Tamino Doc - The Deplorable

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    ... and, as we know now, the Russian "Drang nach Westen" was utterly counterproductive!
     
  16. TiredOldSoldier

    TiredOldSoldier Ace

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    Soviet expansionism started after Hitler came to power and was rather limited in scope and targetted at the "Versailles creations" and "ceasefire based" borders, many of which contained large russian minorities. (The USSR despite Russia's huge contibution to the entente victory was not invited at Versailles). Hitler on the other hand was not targetting historically contested areas but aiming at Ukraine that has never had a significant Germanic population.
    IMO the root of WW2 in Europe was Versailles, aggravated by French inter war poilicies, not Hitler. At Versailles the Entente supported the creation of numerous small states, some of which contained significant German minorities and then the French developed a strategy based on the Maginot that shouted to the world that they would not intervene to help them. The Society on Nations didn't do a thing when the new states started "ethnic cleansing" (as it was easily predictable they would) and this paved the way for German revanchism as soon as they got a military again. If Germany had not gotten a madman they may well have gotten away with recovering the 1914 borders (except Alsace-Lorraine), the West was scared stiff of the Soviets and, once the Maginot doctrine assured the Eastern minors would eventually fall, would be basically faced with a choice between capitalist Germany going East and "the reds" moving West .....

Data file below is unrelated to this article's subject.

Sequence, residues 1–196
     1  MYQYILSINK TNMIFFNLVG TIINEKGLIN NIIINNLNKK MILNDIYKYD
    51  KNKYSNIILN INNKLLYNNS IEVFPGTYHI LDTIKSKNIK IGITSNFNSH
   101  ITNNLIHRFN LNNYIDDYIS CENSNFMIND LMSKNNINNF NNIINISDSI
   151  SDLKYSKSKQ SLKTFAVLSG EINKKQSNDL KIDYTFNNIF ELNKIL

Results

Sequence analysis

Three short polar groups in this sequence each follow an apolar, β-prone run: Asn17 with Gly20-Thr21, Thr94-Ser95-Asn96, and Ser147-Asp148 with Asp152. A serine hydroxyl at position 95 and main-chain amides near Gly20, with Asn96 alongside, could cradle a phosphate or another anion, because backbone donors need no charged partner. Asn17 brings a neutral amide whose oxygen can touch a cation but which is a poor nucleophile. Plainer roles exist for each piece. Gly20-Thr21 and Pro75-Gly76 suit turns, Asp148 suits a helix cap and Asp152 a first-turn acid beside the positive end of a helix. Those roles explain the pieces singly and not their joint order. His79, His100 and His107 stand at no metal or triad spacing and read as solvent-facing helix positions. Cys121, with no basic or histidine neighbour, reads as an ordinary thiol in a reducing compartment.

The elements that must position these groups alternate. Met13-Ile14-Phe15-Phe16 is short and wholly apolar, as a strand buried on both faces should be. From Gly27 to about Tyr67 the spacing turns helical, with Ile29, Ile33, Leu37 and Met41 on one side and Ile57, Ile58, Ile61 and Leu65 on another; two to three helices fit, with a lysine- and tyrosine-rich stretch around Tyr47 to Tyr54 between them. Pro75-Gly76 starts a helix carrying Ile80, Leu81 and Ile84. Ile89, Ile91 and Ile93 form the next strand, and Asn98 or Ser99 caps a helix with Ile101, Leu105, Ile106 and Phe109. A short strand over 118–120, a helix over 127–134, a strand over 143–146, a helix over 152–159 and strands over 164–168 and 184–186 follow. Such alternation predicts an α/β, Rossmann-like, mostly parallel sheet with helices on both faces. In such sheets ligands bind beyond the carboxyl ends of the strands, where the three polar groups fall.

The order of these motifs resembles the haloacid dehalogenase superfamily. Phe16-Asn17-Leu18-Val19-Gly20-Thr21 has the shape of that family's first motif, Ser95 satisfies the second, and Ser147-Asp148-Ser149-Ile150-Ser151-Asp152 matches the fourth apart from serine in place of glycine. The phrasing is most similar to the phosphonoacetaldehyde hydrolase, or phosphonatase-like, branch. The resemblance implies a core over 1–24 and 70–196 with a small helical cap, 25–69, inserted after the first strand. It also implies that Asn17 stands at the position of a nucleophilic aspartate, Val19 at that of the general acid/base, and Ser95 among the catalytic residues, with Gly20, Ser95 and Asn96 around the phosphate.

17. Tamino

    Tamino Doc - The Deplorable